Yemen's Houthi rebels threaten to attack more Saudi airports

Source: Xinhua| 2019-06-12 19:50:08|Editor: xuxin
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SANAA, June 12 (Xinhua) -- Yemen's Houthi rebels on Wednesday threatened to target more Saudi airports, just hours after a Houthi cruise missile hit Saudi Abha airport and injured at least 26 people.

"Targeting Saudi Abha airport came in response to the continuing crimes by the Saudi-led military coalition airstrikes (on Yemen) and its unjust all-out blockade (on Yemen)," the Houthi TV al-Masirah quoted its group's military spokesman Yahya Sarea as saying.

"The Yemenis have the right to defend themselves ... There will be big surprises in the coming days," Sarea added.

Earlier in the day, the Saudi-owned Al Arabiya television cited a coalition statement as saying that a missile fired from Yemen hit the arrivals hall at Abha airport, injuring at least 26 people, including three women and two children.

The coalition accused Houthis of using Iranian-made weapon, which the Houthis denied and said it was a long-range cruise missile.

Abha is about 200 km north of Yemen's border.

Wednesday's missile attack came in less than a month after the Houthi drone attacks that damaged two Saudi Aramco's oil pump stations and caused fire, according to Al Arabiya television.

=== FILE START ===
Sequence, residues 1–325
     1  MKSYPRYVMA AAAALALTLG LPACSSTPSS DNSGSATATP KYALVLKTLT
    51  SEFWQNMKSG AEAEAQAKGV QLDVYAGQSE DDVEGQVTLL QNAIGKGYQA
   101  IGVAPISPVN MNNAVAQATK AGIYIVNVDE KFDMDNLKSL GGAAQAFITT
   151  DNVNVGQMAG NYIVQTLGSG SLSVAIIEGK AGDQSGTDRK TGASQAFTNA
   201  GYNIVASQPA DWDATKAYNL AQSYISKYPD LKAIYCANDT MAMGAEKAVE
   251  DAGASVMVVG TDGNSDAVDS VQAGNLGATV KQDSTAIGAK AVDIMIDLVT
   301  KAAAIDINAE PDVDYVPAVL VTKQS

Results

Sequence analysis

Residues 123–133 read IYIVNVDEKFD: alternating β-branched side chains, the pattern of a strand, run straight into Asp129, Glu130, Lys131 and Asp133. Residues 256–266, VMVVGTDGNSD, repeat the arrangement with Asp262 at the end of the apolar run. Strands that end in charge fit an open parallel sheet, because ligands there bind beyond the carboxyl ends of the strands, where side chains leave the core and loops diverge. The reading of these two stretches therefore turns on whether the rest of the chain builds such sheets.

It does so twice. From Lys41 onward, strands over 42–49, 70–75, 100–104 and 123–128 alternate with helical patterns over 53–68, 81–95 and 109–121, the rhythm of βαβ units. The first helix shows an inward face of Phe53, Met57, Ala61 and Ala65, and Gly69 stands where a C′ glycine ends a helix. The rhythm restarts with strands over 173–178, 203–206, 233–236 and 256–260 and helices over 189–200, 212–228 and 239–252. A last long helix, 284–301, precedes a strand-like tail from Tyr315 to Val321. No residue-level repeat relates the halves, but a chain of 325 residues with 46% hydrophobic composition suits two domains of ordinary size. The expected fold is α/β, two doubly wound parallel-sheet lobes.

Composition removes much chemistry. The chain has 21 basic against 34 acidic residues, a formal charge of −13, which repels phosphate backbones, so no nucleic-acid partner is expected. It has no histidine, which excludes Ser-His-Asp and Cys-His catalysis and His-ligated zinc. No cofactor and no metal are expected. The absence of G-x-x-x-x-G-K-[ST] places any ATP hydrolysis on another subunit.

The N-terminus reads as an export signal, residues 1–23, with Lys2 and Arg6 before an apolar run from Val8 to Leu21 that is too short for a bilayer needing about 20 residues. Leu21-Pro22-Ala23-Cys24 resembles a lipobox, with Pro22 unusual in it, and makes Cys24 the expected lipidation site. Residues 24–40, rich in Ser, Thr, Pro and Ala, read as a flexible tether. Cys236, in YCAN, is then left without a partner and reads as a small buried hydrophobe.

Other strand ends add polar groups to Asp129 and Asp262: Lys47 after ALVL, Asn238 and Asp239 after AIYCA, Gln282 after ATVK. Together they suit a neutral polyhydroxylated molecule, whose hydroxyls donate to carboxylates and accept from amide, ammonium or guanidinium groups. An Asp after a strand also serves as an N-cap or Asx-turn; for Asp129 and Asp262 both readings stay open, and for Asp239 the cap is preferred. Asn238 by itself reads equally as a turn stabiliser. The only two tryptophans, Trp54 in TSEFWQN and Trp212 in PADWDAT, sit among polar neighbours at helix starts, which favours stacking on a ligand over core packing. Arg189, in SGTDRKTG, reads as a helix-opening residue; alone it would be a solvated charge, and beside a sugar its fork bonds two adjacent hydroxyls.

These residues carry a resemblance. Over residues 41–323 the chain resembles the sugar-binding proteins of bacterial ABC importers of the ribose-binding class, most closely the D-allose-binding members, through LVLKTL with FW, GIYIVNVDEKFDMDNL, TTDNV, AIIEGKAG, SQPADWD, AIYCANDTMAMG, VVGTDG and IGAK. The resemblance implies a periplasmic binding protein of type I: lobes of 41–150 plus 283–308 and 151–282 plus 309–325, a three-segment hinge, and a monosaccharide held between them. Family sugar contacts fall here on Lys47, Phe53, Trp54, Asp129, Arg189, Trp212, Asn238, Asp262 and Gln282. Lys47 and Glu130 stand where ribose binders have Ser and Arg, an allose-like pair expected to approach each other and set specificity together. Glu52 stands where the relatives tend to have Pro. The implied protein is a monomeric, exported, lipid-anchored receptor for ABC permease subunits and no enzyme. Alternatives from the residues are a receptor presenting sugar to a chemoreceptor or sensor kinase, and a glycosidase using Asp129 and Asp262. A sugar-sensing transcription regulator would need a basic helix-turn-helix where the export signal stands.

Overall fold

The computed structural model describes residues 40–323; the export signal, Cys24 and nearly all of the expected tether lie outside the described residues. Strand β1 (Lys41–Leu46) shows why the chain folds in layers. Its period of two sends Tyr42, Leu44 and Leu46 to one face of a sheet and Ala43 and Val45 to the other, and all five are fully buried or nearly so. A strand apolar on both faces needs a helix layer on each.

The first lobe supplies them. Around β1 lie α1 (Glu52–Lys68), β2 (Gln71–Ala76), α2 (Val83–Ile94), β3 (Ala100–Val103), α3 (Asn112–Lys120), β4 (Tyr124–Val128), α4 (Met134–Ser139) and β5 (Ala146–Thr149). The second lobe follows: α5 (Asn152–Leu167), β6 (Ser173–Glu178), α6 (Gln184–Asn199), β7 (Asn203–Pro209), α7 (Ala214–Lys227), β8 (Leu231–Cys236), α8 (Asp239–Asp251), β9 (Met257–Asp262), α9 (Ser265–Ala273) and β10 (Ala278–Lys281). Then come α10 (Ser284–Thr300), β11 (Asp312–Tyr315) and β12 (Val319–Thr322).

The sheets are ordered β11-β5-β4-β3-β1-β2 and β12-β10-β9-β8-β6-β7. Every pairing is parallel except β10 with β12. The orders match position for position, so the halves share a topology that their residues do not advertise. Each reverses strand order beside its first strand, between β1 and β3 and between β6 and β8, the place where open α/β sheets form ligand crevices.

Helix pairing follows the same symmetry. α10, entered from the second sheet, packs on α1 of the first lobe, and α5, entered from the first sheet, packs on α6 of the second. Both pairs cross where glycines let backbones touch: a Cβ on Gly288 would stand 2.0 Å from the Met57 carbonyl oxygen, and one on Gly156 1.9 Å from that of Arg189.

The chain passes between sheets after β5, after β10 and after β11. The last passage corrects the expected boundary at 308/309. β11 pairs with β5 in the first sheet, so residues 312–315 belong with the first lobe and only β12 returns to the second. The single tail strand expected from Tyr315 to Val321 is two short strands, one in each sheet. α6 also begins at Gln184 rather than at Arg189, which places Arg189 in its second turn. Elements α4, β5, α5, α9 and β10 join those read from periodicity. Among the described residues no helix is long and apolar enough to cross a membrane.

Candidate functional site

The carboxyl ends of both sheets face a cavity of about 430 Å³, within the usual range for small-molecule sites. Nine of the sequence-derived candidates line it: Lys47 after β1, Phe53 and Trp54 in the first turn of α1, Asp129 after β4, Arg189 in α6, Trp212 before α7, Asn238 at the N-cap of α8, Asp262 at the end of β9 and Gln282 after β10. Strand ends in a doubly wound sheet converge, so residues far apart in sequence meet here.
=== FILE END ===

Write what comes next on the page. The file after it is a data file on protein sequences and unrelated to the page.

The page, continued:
Houthis said in their statement that the missile attack forced the air navigation at Abha airport to stop.

Meanwhile, Houthi political spokesman Mohammed Abdulsalam tweeted that their attacks on Saudi airports "will continue until the Saudi-led military coalition ends the war, lift the air blockade on Sanaa International Airport."

Saudi Arabia has witnessed more drone and missile attacks attempted by the Houthis, Yemen's Iran-allied rebels, in recent weeks. They mainly targeted Saudi airports near border cities.

The kingdom and the United Arab Emirates have led the coalition against Houthis since March 2015 in support of Yemen's internationally recognized President Abd-Rabbu Mansour Hadi.

Houthis tribal fighters seized much of Yemen's north, including the capital Sanaa in late 2014, driving out Hadi and his government into exile in Riyadh, capital of Saudi Arabia.